Natural and restored shorelines with a variety of native ground covers, wild flowers, shrubs and trees also:

  • protect against erosion from waves, boat wakes and flooding;
  • provide important habitat for a wide range of land-based and aquatic wildlife;
  • help keep geese off your property;
  • supply important food sources for bees, Monarch butterflies and other pollinators;
  • save you work – with less or no lawn to cut, you’ll have more deck and dock time!

Wildlife depends on the ribbon of life

Scientific evidence shows that the first 10 to 15 metres of shoreland and the shallow water next to it – known as the riparian zone or ribbon of life – is essential to the survival of almost all species.

Ninety percent of all lake and river life depends on shoreline areas for birth, feeding and survival. Seventy percent of land animals also depend on shorelines for survival at some point in their lives.

Hardening shorelines with concrete shore walls or large stone blocks interrupts this ribbon of life and doesn’t prevent erosion over the long term. Removing natural vegetation and replacing it with lawn destroys the food sources and protective cover that wildlife needs to survive.

How much natural shoreline is enough?

Looking at the big picture, Environment Canada guidelines say that 75 percent of a lake, 30 metres back from the shore, should be left natural to keep local populations of wildlife from disappearing.

When it comes to individual properties, research shows that a 10-metre buffer zone of natural vegetation at the shoreline is needed to protect wildlife habitat and lake water quality.

We recognize that many properties, and families’ needs for play areas, may not be able to accommodate this – but it is important to keep natural or re-naturalize as much of this 10-metre band along the edge of the water as you possibly can.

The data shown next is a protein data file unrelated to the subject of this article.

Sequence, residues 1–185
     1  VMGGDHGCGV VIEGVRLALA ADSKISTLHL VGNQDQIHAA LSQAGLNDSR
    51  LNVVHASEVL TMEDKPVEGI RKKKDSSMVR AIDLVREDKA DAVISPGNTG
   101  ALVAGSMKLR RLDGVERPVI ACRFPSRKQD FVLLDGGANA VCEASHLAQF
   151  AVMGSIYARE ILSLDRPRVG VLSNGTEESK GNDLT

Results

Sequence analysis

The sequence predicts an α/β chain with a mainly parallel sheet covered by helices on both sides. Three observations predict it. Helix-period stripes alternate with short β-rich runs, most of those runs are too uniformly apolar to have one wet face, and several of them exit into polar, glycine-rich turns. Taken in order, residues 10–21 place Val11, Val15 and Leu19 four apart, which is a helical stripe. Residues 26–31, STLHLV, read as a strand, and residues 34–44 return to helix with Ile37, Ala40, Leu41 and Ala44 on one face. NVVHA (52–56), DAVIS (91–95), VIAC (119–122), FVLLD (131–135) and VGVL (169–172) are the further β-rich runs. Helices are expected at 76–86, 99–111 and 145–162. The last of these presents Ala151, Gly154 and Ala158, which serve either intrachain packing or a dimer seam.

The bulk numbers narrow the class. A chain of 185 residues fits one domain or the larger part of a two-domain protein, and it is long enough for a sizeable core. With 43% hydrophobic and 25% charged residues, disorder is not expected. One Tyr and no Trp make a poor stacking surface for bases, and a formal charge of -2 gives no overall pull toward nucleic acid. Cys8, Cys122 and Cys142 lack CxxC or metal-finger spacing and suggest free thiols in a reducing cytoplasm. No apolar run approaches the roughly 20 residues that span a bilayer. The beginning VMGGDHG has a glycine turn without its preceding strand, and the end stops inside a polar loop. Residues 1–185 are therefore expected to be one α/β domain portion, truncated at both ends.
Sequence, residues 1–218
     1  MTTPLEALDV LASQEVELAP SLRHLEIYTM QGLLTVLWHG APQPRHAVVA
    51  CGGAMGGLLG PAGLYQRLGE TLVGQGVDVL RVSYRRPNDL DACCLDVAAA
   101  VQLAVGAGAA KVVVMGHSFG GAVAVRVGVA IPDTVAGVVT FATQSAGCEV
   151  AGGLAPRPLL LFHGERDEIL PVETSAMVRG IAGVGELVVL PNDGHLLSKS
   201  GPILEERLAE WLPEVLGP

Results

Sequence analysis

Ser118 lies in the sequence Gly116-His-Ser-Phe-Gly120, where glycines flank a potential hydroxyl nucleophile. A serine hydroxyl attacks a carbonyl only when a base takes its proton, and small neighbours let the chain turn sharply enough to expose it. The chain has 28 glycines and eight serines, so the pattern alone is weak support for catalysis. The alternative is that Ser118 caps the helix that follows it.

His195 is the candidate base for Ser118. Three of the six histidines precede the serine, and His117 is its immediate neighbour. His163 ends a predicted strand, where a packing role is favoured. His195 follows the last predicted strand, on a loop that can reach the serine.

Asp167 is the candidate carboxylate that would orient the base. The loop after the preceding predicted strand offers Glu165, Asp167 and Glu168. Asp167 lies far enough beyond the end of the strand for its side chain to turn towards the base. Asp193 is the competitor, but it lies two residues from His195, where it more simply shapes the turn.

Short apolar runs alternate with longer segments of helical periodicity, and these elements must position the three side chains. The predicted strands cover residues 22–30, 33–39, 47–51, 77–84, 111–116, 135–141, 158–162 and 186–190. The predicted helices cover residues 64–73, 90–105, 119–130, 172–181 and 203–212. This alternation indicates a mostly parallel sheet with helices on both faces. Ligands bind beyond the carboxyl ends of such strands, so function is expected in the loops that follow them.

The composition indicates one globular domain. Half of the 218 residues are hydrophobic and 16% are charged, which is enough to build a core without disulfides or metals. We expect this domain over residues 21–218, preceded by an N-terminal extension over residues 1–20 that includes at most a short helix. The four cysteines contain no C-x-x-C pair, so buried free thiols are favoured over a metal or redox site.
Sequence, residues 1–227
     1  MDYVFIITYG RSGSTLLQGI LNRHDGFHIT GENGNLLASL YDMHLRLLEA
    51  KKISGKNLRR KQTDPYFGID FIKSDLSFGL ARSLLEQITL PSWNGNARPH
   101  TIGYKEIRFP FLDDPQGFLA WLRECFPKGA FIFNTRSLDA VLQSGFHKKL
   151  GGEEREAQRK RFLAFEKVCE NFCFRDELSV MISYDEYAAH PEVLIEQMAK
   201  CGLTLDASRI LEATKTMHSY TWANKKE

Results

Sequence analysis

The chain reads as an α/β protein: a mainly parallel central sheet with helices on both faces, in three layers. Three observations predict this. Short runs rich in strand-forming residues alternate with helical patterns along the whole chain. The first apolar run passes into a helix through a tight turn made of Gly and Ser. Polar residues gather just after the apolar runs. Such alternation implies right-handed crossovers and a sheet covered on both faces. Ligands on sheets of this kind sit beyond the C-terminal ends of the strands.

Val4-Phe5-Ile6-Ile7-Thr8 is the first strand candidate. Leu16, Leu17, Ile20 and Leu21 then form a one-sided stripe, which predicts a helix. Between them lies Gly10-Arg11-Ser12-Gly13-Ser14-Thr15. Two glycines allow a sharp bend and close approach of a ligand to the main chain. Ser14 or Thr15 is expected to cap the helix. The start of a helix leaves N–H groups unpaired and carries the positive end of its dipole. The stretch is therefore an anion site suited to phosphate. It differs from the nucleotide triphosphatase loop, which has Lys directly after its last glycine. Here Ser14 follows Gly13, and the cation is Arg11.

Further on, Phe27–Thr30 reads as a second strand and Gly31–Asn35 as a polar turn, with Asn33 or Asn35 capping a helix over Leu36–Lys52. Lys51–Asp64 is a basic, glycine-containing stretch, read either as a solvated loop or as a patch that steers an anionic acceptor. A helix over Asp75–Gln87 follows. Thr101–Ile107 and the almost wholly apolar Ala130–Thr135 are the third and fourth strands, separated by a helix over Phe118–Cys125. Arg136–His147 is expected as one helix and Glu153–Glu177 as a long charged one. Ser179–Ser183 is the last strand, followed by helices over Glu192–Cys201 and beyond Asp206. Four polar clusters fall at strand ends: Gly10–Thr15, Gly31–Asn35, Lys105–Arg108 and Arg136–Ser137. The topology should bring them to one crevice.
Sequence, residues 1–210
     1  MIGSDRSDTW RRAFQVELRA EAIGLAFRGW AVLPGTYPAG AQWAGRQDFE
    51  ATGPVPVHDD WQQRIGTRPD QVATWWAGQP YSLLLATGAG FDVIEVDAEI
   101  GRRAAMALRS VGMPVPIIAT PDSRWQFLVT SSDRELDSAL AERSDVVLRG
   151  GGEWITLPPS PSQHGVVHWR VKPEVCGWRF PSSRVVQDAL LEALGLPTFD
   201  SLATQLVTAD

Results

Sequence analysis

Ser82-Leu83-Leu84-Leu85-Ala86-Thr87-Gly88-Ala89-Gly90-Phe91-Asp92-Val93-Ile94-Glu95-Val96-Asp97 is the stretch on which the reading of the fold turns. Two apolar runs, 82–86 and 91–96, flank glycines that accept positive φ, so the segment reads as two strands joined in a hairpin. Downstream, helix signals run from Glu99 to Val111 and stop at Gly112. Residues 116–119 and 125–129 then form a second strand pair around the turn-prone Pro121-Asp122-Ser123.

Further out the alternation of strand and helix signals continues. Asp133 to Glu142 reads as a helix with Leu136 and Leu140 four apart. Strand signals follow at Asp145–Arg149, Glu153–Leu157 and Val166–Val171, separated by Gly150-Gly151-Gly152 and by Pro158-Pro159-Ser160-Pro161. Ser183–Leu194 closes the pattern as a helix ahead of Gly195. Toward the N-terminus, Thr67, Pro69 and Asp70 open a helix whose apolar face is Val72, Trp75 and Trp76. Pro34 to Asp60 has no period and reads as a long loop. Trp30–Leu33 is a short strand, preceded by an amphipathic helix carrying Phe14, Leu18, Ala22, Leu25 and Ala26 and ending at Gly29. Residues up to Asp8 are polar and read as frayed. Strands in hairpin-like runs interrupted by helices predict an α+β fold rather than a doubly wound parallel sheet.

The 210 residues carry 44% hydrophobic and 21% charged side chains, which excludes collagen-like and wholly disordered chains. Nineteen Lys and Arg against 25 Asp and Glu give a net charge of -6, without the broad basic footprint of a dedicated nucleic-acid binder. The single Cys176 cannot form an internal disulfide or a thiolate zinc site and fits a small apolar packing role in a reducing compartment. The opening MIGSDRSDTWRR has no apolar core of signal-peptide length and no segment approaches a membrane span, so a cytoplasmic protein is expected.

How can we get started?

Here are a few simple steps:

  • If you have a lawn down to the edge of the water or close to it, stop cutting the first three to five metres back from the shore. Native plants will start to appear and you can gradually add more and increase the width of the buffer.
  • Keep any remaining lawn at least seven centimetres tall to slow runoff. Rainwater runs off short lawn grass about twice as fast as off larger plants.
  • Think about how you use your waterfront, and whether there are parts of it not used, or rarely used. Begin to naturalize these areas.
  • To help protect the water, make sure no fertilizer, pesticides or herbicides are used, and that no gas or oil is spilled.

To find out more about the importance of natural shorelines and how to naturalize yours, see:

Helping owners help their shorelines

An Environment Council shoreline team has been working over the past several years to engage waterfront owners in shoreline protection and restoration efforts.Early Fall Maple Colours

We ran a number of workshops, arranged for about 20 individual shoreline evaluations by a consulting biologist, and hand-delivered information to about 300 property owners. But the results have not matched our efforts.

So, we’re developing a new approach that we hope will be more successful in getting waterfront owners to take action. Watch our home page and Facebook for updates.